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Securing the future of the clinician-scientist

By integrating discovery science with clinical practice and therapeutic intervention, clinician-scientists fulfil a unique role in cancer research. However, their numbers are in decline, which is creating the need for flexible training and research opportunities to ensure their future.

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Fig. 1: Core components of flexible clinician-scientist training programs, as exemplified by CRUK’s Clinical Academic Training Program Awards.


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Correspondence to Charles Swanton.

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Competing interests

K.N. and C.S. are current staff members of and receive salaries from CRUK, which is investing in supporting the future of clinician-scientists through a new funding award; S.B. and D.T. served as members of the committee that reviewed the new funding award. J.O. is a previous CRUK staff member currently working as a medical writer, and received payment from CRUK during the preparation of this Comment. F.A. receives research funding from AstraZeneca, Novartis, Pfizer, Daiichi, Lilly and Roche and also receives compensation from AstraZeneca, Novartis, Pfizer, Daiichi, Lilly, Roche, directly to Gustave Roussy Cancer Centre, for serving as a speaker and advisory board member, and is a founder of Pegacsy. S.F.B. owns equity in, receives compensation from and serves as a consultant for and on the Scientific Advisory Board and Board of Directors of Volastra Therapeutics, has also consulted for Sanofi and has received sponsored travel from the Prostate Cancer Foundation. S.L. has acted as consultant (uncompensated) to Seattle Genetics, Pfizer, Novartis, BMS, Merck, AstraZeneca and Roche-Genentech, and as consultant (paid to S.L.’s institution) to Aduro Biotech. H.C.R. serves as the speaker of the German Cancer Aid–funded physician-scientist program in Cologne, Germany, as well as the vice speaker of the network of the five German Cancer Aid–funded physician-scientist programs in Germany (Hamburg, Dresden, Würzburg, Frankfurt and Cologne-Bonn), and is also the speaker of an Else Kröner-Fresenius Foundation–funded clinician scientist program in Cologne, Germany, and received consulting fees from Abbvie, AstraZeneca, Vertex and Merck and research funding from Gilead. D.T. serves on the SAB of Cygnal Therapeutics, Leap Therapeutics and Surface Oncology, is a stockholder of Leap Therapeutics and Surface Oncology, and receives research support from ONO and Fibrogen and an honorarium from Merck. C.S. receives grant support from Pfizer, AstraZeneca, BMS, Roche-Ventana and Boehringer-Ingelheim, has consulted for Pfizer, Novartis, GlaxoSmithKline, MSD, BMS, Celgene, AstraZeneca, Illumina, Genentech, Roche-Ventana, GRAIL, Medicxi and the Sarah Cannon Research Institute, is an Advisor for Dynamo Therapeutics, is a shareholder of Apogen Biotechnologies, Epic Bioscience and GRAIL, and has stock options in and is co-founder of Achilles Therapeutics.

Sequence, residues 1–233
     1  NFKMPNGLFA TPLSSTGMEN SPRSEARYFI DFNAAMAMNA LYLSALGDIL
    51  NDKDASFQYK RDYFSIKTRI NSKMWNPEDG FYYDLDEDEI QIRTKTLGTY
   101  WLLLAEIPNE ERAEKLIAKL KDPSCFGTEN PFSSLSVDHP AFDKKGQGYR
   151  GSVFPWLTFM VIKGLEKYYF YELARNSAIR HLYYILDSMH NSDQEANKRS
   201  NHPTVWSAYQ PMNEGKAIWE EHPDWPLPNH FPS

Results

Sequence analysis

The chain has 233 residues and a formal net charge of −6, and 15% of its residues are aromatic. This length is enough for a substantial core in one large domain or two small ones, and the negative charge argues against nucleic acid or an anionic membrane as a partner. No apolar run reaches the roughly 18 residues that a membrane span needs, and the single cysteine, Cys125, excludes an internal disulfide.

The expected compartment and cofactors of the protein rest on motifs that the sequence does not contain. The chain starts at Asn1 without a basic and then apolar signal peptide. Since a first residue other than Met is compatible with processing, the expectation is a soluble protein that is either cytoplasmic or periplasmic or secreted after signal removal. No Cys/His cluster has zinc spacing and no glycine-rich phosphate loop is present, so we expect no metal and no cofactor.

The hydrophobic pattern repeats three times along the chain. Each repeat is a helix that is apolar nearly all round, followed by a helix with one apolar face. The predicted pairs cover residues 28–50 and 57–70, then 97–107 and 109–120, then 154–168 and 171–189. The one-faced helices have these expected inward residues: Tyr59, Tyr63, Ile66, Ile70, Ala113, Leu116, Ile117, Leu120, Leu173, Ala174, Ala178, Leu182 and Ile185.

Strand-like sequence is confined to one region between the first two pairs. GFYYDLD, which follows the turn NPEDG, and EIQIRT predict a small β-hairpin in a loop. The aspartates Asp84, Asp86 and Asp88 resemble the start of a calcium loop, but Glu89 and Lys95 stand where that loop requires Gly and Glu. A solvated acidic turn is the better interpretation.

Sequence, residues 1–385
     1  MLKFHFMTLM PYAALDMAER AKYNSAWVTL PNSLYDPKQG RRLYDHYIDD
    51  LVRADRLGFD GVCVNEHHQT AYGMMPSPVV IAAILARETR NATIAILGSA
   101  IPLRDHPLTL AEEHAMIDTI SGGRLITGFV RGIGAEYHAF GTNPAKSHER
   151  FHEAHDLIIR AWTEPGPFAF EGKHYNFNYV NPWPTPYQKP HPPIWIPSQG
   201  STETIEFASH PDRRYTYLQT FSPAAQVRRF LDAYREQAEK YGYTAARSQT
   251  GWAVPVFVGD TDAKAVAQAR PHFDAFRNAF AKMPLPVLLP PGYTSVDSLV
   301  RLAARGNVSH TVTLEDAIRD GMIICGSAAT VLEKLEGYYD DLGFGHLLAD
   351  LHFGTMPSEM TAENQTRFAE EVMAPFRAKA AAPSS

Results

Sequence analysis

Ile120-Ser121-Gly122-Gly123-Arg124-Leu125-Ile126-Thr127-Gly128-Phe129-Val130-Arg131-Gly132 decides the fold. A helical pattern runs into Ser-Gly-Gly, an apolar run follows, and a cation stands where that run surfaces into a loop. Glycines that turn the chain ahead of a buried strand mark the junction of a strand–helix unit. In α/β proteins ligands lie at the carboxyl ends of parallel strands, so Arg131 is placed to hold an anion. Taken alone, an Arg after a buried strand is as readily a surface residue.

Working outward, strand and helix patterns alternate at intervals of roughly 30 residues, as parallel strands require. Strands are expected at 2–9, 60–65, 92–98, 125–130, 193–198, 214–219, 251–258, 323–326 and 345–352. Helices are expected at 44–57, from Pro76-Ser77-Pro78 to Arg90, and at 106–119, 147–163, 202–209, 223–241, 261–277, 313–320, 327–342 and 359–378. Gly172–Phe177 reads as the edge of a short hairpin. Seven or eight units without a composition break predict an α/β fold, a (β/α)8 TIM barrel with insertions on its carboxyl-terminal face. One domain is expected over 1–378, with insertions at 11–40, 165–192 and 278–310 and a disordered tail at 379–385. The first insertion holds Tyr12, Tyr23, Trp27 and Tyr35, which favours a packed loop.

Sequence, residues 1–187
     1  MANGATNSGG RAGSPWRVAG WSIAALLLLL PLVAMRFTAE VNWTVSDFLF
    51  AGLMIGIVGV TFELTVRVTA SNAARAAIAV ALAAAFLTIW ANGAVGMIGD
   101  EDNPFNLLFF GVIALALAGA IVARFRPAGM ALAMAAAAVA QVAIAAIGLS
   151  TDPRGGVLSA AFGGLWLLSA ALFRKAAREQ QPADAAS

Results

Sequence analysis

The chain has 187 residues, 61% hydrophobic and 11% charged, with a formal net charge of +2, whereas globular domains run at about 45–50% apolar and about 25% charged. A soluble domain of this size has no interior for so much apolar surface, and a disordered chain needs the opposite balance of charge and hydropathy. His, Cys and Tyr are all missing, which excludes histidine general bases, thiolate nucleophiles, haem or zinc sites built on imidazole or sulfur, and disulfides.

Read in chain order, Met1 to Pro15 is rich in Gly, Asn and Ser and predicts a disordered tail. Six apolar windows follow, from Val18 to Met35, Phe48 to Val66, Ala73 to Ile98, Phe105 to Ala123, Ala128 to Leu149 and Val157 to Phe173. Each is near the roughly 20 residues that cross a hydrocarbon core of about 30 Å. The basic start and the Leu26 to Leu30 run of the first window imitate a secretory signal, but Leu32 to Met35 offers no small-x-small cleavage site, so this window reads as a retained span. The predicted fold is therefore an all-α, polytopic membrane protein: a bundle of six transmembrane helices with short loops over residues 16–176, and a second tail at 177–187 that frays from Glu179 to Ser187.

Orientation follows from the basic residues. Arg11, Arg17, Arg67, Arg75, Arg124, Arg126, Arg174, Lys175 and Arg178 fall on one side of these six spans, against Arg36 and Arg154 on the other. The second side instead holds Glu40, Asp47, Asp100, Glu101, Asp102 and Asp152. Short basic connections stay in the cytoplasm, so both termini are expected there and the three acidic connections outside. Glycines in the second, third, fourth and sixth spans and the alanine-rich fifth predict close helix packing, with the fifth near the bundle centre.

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Noble, K., Owens, J., André, F. et al. Securing the future of the clinician-scientist. Nat Cancer 1, 139–141 (2020).

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